Flatpack is a US military standardized printed-circuit-board surface-mount-component package. The military standard MIL-STD-1835C defines: Flat package (FP). A rectangular or square package with leads parallel to base plane attached on two opposing sides of the package periphery.
The standard further defines different types with varying parameters which includes package body material, terminal location, package outline, lead form and terminal count.
The main vehicle for testing of high reliability flatpack packages has been MIL-PRF-38534 (General Specification for Hybrid Microcircuits). This document outlines the general requirements of fully assembled devices, whether they are single chip, multichip, or of hybrid technology. The test procedures of these requirements are found in MIL-STD-883 (Test Methods and Procedures for Microelectronics) as a listing of test methods. These methods cover various aspects of the minimum requirements that a microelectronics device must be able to attain before it is considered a compliant device.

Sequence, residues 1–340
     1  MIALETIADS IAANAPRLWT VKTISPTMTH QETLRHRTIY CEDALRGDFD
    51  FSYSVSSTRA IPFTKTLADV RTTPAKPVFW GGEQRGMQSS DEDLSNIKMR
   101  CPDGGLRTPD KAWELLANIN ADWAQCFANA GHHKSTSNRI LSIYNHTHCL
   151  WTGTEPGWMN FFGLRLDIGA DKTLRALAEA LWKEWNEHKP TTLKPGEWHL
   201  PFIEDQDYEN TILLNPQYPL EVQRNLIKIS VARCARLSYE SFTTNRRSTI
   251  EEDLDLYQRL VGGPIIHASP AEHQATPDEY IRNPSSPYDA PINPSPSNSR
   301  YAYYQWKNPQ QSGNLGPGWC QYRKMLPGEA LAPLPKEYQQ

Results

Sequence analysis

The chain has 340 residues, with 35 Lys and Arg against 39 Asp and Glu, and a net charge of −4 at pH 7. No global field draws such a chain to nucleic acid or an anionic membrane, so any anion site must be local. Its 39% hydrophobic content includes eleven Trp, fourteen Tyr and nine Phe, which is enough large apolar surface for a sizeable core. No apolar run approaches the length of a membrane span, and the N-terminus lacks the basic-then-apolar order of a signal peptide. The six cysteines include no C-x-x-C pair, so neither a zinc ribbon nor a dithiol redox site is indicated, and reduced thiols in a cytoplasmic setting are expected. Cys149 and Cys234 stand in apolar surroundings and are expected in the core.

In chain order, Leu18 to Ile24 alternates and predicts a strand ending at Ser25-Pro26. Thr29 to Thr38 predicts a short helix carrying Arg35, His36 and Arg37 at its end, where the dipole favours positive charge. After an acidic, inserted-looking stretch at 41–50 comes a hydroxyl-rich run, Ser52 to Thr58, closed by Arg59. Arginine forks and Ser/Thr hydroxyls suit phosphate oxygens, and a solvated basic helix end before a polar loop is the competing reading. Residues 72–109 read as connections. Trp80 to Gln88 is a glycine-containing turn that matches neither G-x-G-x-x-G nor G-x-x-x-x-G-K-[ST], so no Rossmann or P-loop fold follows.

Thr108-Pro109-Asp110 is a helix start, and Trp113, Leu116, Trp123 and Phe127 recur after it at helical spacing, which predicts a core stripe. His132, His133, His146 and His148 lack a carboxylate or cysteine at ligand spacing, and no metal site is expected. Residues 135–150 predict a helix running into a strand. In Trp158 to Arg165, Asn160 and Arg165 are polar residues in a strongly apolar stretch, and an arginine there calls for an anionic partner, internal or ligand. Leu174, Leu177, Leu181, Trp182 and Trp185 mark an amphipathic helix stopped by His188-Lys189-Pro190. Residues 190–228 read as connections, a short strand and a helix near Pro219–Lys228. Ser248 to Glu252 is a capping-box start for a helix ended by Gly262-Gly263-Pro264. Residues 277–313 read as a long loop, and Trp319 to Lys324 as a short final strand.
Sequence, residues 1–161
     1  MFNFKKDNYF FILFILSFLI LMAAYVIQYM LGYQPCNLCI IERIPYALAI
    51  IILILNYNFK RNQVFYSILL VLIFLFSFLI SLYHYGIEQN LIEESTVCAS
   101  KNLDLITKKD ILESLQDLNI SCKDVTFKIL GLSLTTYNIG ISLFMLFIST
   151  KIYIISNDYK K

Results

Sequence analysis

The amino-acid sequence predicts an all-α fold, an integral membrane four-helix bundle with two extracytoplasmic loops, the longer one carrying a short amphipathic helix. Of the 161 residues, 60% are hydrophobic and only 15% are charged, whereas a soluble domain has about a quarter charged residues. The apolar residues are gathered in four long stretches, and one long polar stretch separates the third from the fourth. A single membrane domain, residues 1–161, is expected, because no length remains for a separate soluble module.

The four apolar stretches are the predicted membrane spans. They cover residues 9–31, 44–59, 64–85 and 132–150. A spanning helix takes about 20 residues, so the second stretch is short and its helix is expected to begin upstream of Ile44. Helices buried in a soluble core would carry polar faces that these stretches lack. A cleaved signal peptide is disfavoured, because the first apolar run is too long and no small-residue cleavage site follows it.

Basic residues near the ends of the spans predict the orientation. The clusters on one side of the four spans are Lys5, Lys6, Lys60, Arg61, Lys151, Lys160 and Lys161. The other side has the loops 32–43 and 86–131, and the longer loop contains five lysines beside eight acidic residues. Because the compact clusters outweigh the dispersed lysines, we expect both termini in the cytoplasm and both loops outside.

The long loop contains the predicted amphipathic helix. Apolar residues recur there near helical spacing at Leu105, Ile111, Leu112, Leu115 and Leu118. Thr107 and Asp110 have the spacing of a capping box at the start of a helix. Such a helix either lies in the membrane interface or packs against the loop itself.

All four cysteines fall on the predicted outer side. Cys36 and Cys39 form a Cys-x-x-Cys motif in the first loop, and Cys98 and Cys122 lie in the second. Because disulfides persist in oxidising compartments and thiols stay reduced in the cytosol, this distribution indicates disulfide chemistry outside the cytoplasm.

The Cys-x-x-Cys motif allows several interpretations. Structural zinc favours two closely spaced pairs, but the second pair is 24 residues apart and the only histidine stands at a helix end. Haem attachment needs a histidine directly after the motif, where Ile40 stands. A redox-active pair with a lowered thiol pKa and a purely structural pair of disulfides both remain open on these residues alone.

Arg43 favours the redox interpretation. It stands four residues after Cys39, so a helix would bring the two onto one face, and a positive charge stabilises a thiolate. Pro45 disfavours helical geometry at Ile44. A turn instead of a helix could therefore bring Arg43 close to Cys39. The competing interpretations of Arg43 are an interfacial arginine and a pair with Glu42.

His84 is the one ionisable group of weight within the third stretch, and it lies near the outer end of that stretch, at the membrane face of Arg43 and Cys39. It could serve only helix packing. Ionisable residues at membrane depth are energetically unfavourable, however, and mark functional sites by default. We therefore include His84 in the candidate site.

The original flatpack was invented by Y. Tao in 1962 while working for Texas Instruments to achieve improved heat dissipation. The dual in-line package would be invented two years later. The first devices measured 1/4 inch by 1/8 inch (3.2 mm x 6.4 mm) and had 10 leads.
The flat package was smaller and lighter than the round TO-5 style transistor packages previously used for integrated circuits. Round packages were limited to 10 leads. Integrated circuits needed more leads to take full advantage of increasing device density. Since flat packages were made of glass, ceramic and metal, they could provide hermetic seals for circuits, protecting them from moisture and corrosion. Flat packs remained popular for military and aerospace applications long after plastic packages became the standard for other application fields.
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